What Can A Bright Worm Tell Us About Its Biology?

Cristina Lagido, Aileen Winifred Flett, Jonathan Pettitt, Lesley Anne Glover

Research output: Contribution to conferenceAbstract

Abstract

Lagido, C., Flett, A., Pettitt, J. and Glover, L.A. We are interested in how a whole organism responds to environmental stress at a genetic level. To address this question, we have made a brightly luminescent strain of C. elegans carrying the American firefly luc gene, fused to gfp under the control of the sur-5 promoter. Luciferase catalyses the oxidation of the exogenous luciferin substrate and generates light by an ATP-dependent reaction. We exploit bioluminescence as a sensitive indicator of health following exposure to stress. Our aim is to develop an efficient assay to carry out a genome-wide screen for genes involved in the response of C. elegans to unfavourable environmental conditions.. Here we show that 19h exposure to sub-lethal levels of a heavy metal results in reduced light emission in a concentration dependent manner. This response correlates well with slower feeding, as assessed by the optical density of the bacterial suspensions on which the worms were cultured. We also tested the impact of the metal on development and reproduction after approximately 3 days exposure. Metal concentrations that affect development and reproduction in longer exposures correlate well with those that give rise to changes in luminescence in the19 h assays.. Ongoing work is aimed at testing the link between light output and cellular ATP at the whole organism level. The in vitro ATP content of metal exposed N2 worms decreases with increasing metal concentrations, as previously observed by luminescence. We are at present investigating how the drop in ATP levels relates to changes in biomass. In addition, we are investigating the stability of expression of luciferase in our strain under standard metal exposure conditions, by measuring GFP fluorescence. Finally, we will discuss the use of our strain as a physiological and metabolic reporter in combination with genome-wide RNAi to investigate the involvement of particular genes in the stress response. Our approach is also of significance in other research areas such metabolic research, ageing, interactions with microbial pathogens, etc.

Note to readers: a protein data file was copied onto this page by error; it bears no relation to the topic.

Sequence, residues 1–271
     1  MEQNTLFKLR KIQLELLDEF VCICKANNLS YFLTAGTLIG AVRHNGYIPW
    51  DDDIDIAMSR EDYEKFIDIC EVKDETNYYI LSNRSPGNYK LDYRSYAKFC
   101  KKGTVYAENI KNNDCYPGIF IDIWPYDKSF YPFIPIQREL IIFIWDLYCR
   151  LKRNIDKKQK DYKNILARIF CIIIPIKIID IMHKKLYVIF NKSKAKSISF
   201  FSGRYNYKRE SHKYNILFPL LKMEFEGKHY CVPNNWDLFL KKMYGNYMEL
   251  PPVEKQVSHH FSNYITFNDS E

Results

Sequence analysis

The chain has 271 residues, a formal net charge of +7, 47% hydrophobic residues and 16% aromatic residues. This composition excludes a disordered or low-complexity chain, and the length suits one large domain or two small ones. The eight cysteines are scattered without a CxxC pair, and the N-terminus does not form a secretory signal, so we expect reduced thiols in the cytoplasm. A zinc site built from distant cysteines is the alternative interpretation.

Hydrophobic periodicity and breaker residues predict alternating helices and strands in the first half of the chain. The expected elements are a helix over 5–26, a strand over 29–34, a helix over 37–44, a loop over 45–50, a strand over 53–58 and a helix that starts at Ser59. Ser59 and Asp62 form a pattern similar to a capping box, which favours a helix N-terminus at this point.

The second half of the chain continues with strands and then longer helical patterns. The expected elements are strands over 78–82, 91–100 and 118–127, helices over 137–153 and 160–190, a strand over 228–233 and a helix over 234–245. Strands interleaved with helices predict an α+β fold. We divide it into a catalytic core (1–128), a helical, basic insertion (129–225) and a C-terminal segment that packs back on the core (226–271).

Original languageEnglish
Publication statusPublished - 2006
EventEuropean Worm Meeting (2006) - Hersonissos, Greece
Duration: 29 Apr 20063 May 2006

Conference

ConferenceEuropean Worm Meeting (2006)
CountryGreece
CityHersonissos
Period29/04/063/05/06

Fingerprint

Metals
Adenosine Triphosphate
Luminescence
Luciferases
Light
Reproduction
Fireflies
Microbial Interactions